I have a question about the section. Section 1 refers to the Schedule which lists the companies which are exempt from the pay cut. The Minister of State should clarify the position on Anglo Irish Bank. Although Anglo Irish Bank is now a semi-State body, it is not among the 23 organisations listed in the Schedule as being exempt from the pay cut. I presume its absence from the list means it is included and that as a semi-State body, it will be covered by the reduction in pay.
I note the difference between the Secretary General of the Department of Finance and the Secretary General to the Government who face a 20% cut and every other Secretary General of a Department, each of whom faces a cut of 15%. They will still earn more than €200,000. Since high ranking officials earning more than €200,000 in Anglo Irish Bank are not included in the table of semi-State bodies, I presume they will be included in order that their pay will be reduced by 20% while the pay of low paid officials will be cut by the same amount as public servants' pay in tables 1 and 2.
I have concerns as to whether what will be achieved by the section is what the Government intends. The Minister of Finance said in his Budget Statement that the salaries of the Taoiseach and Ministers, including Ministers of State, would be reduced by 15% and 20%, respectively, as recommended by the Review Body on Higher Remuneration in the Public Sector in its report published on 11 December. However, the Bill will not implement the recommendation because it imposes 20% and 15% cuts on the pay these persons receive as officeholders but not on the pay they receive as Deputies. As a result, the Taoiseach will suffer at most a pay cut of 15.6% and his Ministers a cut of 11.6%. Is that correct?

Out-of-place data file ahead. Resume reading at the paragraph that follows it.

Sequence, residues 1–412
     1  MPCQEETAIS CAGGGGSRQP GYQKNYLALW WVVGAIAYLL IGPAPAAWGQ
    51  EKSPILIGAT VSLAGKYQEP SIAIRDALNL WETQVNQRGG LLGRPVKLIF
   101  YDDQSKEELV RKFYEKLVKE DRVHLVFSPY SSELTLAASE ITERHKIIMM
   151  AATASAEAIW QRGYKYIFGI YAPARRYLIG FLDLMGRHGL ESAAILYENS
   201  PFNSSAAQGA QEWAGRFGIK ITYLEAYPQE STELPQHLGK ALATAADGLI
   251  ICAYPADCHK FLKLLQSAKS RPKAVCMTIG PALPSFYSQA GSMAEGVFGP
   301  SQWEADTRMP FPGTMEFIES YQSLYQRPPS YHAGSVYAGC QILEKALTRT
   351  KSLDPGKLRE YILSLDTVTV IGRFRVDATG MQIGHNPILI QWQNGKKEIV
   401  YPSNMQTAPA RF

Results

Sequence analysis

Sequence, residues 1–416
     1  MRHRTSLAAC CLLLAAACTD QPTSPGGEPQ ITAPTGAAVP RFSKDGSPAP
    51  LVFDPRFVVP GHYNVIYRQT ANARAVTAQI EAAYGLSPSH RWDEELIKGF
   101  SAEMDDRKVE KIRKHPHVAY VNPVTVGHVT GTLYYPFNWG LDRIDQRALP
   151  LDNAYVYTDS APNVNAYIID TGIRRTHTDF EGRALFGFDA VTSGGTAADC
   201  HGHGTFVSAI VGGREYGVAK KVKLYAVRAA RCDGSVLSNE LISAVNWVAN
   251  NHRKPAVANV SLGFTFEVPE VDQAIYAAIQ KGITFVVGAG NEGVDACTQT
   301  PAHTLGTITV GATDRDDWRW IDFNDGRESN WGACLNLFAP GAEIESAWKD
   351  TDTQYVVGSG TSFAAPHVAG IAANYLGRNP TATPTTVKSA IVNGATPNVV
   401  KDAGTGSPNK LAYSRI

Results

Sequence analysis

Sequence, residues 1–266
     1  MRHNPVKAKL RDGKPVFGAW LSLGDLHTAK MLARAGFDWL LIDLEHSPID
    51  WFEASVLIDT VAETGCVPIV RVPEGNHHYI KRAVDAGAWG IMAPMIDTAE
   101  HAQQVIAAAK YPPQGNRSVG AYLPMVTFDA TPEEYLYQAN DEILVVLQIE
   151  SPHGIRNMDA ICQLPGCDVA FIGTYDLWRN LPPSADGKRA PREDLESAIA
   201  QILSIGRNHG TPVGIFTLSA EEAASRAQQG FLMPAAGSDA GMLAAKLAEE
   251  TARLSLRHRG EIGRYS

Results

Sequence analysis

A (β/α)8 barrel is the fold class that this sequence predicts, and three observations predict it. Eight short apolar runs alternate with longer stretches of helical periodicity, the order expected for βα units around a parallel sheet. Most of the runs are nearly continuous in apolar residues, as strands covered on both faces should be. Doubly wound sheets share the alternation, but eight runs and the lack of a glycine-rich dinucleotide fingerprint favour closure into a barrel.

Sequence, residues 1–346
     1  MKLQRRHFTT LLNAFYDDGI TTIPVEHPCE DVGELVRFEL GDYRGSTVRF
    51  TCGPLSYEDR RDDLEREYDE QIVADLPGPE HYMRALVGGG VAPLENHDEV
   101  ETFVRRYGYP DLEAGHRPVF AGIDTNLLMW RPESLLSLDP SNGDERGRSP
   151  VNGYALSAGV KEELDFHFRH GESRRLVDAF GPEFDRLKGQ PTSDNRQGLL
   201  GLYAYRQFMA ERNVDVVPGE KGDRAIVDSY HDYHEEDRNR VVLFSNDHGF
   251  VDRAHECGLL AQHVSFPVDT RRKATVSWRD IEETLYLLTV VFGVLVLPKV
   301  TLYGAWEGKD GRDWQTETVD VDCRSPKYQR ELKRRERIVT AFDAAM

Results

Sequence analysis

With regard to the pay cuts to be imposed on middle ranking public servants, the Minister in his Budget Statement said pay cuts would be imposed incrementally on a progressive basis and, "Accordingly, the pay of public servants will be reduced with effect from 1 January 2010 as follows: a reduction of 5% on the first €30,000 of salary, a reduction of 7.5% on the next €40,000 of salary and a reduction of 10% on the next €55,000 of salary". The Bill does not implement this intention because the relevant provision, table 3, provides instead that those with a basic salary of up to €30,000 will suffer a reduction of 5% of basic salary, those with a basic salary in excess of €30,000 but not in excess of €70,000 will suffer a reduction of 7.5% and those with a basic salary in excess of €70,000 but not in excess of €125,000 will suffer a reduction of 10%. This is an entirely different formula, which will have the effect of imposing a flat percentage rate reduction rather than a cumulative pay cut on public servants earning more than €30,000. In other words, an employee on €75,000, instead of losing an initial tranche of 5% of €30,000, 7.5% on the next €40,000 and 10% on the final €5,000, which amounts to a reduction of €5,000 or 6.6%, will lose 10% of his or her basic salary, which is €7,500, a difference of €1,500 or 20%. This will be brought about purely by a mistake in drafting. I do not criticise the drafters who are doing the best they can but the Bill has been put together quickly and I wonder whether there are other unintended consequences.